It features first-class learning and advanced facilities in science and technology with more than 30,000 staff members and students. Many of its retirees are scientists who have respectable social status as subject experts as well as mentors for many China’s key political leaders. This makes the Tsinghua community a perfect laboratory for the study of successful ageing.

Working in collaboration with sociologists, gerontologists and design experts in both China and the UK, this study aimed to explore the lifestyles and aspirations of this group in order to find new ways to tackle ageing issues. This year-long project (Dec 2010- Dec 2011) is part of the UK-China fellowship of Excellence programme funded by the UK’s Department of Business Innovation and Skill (BIS). The award enables young researchers from the UK to conduct cutting-edge research in a Chinese institution and Dr Lee conducted this study to engage with this prestigious group of older people who were the cream of the nation
in the second half of the 20th century. This group of Chinese intellectuals is actively resisting the clichéd general features of ‘old age’, and have insisted upon maintaining a strong Tsinghuaian communal identity.

The research methodology employed by Dr Lee and her colleagues was a participatory design approach that functioned through a series of design events that had been planned to coincide with five traditional Chinese festivals on the Tsinghua University Campus.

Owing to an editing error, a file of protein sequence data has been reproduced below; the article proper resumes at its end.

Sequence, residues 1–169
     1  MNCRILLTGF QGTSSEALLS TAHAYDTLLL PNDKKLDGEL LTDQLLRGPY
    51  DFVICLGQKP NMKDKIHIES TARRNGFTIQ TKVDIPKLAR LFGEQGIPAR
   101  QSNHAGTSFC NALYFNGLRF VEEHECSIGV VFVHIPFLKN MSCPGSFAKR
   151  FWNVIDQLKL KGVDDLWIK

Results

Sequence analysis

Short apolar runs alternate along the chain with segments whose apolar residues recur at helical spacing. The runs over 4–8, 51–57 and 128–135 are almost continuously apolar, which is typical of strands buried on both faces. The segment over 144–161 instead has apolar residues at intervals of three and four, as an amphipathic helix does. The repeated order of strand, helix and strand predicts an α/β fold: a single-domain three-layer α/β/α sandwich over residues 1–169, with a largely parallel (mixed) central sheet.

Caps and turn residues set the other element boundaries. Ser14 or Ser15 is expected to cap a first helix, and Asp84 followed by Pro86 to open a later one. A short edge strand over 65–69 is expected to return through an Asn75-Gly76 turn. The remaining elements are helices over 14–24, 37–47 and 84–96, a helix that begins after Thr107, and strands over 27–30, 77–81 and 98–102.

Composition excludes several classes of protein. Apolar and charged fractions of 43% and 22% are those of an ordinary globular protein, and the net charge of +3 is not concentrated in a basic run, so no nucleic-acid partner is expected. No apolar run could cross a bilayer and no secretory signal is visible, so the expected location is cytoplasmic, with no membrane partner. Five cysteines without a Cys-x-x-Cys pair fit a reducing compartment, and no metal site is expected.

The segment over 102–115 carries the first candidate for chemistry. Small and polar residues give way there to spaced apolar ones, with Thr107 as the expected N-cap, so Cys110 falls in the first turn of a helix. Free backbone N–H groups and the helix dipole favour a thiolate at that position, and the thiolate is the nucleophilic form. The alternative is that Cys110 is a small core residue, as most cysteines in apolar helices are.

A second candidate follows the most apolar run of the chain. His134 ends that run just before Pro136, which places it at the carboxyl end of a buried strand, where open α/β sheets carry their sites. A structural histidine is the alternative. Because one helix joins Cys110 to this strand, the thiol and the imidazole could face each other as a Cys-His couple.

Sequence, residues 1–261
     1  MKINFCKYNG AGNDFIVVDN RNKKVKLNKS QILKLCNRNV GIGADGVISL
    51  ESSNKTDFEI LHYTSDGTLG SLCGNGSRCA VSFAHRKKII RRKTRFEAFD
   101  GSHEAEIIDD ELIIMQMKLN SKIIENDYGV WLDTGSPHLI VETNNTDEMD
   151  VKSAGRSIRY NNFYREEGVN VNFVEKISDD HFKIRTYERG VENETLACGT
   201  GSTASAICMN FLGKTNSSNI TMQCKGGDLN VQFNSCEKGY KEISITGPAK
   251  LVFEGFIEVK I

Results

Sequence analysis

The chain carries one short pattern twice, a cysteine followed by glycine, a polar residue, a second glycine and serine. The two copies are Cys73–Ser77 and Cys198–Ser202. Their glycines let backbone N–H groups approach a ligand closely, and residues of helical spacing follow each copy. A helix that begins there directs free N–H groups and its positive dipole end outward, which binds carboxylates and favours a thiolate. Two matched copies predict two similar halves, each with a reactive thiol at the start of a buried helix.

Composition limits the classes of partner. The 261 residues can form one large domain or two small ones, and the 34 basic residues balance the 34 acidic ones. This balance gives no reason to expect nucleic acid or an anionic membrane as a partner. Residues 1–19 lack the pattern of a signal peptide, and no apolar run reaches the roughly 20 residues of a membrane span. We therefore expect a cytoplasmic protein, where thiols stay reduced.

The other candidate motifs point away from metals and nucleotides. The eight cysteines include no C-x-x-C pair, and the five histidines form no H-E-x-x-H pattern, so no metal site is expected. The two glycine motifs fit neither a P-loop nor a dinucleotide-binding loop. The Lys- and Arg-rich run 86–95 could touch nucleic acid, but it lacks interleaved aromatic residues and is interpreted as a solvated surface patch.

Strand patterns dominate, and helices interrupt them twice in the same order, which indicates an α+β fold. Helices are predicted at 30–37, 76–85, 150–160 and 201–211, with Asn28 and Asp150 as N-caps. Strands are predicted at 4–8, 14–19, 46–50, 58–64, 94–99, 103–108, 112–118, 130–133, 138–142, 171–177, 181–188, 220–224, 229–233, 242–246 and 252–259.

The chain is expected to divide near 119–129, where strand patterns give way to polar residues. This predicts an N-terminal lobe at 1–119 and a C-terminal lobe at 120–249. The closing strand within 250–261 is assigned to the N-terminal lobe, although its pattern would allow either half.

The goal was to capture the living strategies of the residents, their pursuit of personal ambitions and the way they sought to make a continued “contribution to the nation” through “the continuation of labour”. In parallel with this strategy, the design research also employed the methodology of reflexive ethnography in its interactions with a core group of around 20 scientists aged over 80. In this approach ageing is viewed as a “culture” with the capacity to inspire creative designs.





In order to introduce a solution-
focused design methodology to address the specific subject of social inclusion for elders, Dr Lee was invited to conduct a three-week Design.Lives Lab at the HKDI. Instead of conducting a research project about developing design solutions for the ageing population, Dr Lee expanded the focus from aged people to the ageing process and design solutions for “our future selves”.

Six teams were formed with over 30 Higher Diploma design students from three-design discipline: Interiors, Products and Graphic Design. A three-week design workshop was organised for students to experience solution-focused design and participatory methodology in design within the local community.

Students were briefed to act creatively about the concept of design outside their disciplines and beyond. Each team was responsible for designing “something” with the residents of an estate adjacent to the design school.

There were three stages of the three-week workshop, from problem solving to solution focused. In the first week, Dr Lee allows more free space for the students to practice problem-solving methodology as they researched the issue through visits, interviews and data mining. In this part of the project Dr Lee conducted short design exercises to give students a chance to present their tentative results and build team spirit. In the second week, students’ habitual ways of knowing were challenged.